1. 13 Oct, 2003 8 commits
    • David Anderson's avatar
      fixed a path · 7dd9853d
      David Anderson authored
    • David Anderson's avatar
      actual linktest perl script · 95f63c29
      David Anderson authored
    • David Anderson's avatar
      updated linktest script to test routing, link connectivity and bandwidth. · 76b3f1ad
      David Anderson authored
      also includes updated tb_compat.tcl include file and ns patch.
    • Leigh B. Stoller's avatar
    • Leigh B. Stoller's avatar
      Update. · ba0cf5b7
      Leigh B. Stoller authored
    • Leigh B. Stoller's avatar
      Aside from another round of cleanup, there is a significant change. · a70aef53
      Leigh B. Stoller authored
      I have implemented the suggestion Jay made a couple of weeks ago
      about allowing partial allocation in assign_wrapper, and retrying with a
      modified set of "fixed" nodes.
      My basic approach was to change nalloc to optionally allow partial
      allocations, returning the number of nodes that could not be allocated as
      its return value. In assign_wrapper, I determine which nodes we were able
      to get (in each loop), set their allocstate to INIT_DIRTY, augment the
      fixed_node set, and recreate the top file. Then I try again, up to the
      current number of maxtries. If assign fails with an unretryable error, or
      if we could not nalloc a user directed fixed node, then I stop right away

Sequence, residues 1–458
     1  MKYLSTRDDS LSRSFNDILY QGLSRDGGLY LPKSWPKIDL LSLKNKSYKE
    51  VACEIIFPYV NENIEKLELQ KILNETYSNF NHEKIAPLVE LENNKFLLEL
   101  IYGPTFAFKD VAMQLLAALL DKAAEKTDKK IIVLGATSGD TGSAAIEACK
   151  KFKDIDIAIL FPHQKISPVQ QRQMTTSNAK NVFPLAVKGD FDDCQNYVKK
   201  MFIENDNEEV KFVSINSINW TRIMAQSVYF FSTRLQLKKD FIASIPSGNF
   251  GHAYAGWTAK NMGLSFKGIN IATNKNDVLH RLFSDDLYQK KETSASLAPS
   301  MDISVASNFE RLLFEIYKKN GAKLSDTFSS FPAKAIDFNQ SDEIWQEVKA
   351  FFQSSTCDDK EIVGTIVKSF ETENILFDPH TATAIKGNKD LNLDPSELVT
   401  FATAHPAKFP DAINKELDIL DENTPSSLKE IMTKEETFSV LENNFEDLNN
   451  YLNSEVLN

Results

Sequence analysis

since the experiment is not going to map (in the near term) if the fixed
      node list cannot be allocated.
      I am confident that this works okay, although testing is a little
      difficult. The main problem is how this interacts with experiment modify.
      Chad's implementation is that a modify can be reverted (recovered from)
      only as long as the DB is not modified by assign_wrapper. Well, a partial
      allocation, followed by failure, obviously modifies the DB, and so is
      deemed not recoverable. I am still trying to figure out the effects of
      this, and whether I can relax this requirement, but in the meantime
      lets install it and see what happens (won't affect many people).
    • Leigh B. Stoller's avatar
      Add sfshostid to nodes table. We store that in the filesystem on ops, · 11fde1c3
      Leigh B. Stoller authored
      but its nice to have it in the DB too so that we do not have to read
      that file!
    • Mac Newbold's avatar
      Rollback to prestatewait for now. · 3b210b7b
      Mac Newbold authored
  2. 10 Oct, 2003 7 commits
    • Mac Newbold's avatar
      Fix a nit for Mike. · b71f5f90
      Mac Newbold authored
    • Mac Newbold's avatar
    • Robert Ricci's avatar
    • Leigh B. Stoller's avatar
    • Mike Hibler's avatar
      Make sure it finds the renamed tftp-hpa · 4daef377
      Mike Hibler authored
    • Mac Newbold's avatar
      Add statewait changes · e8b47f26
      Mac Newbold authored
    • Mac Newbold's avatar
      New StateWait changes - the main point of all this is to move to our new · 2b2a306d
      Mac Newbold authored
      model of waiting for state changes. Before we were watching the database
      (which means we can only watch for terminal/stable/long-lived states, and
      have to poll the db). Now things that are waiting for states to change
      become event listeners, and watch the stream of events flow by, and don't
      have to do any polling. They can now watch for any state, and even
      sequences of states (ie a Shutdown followed by an Isup).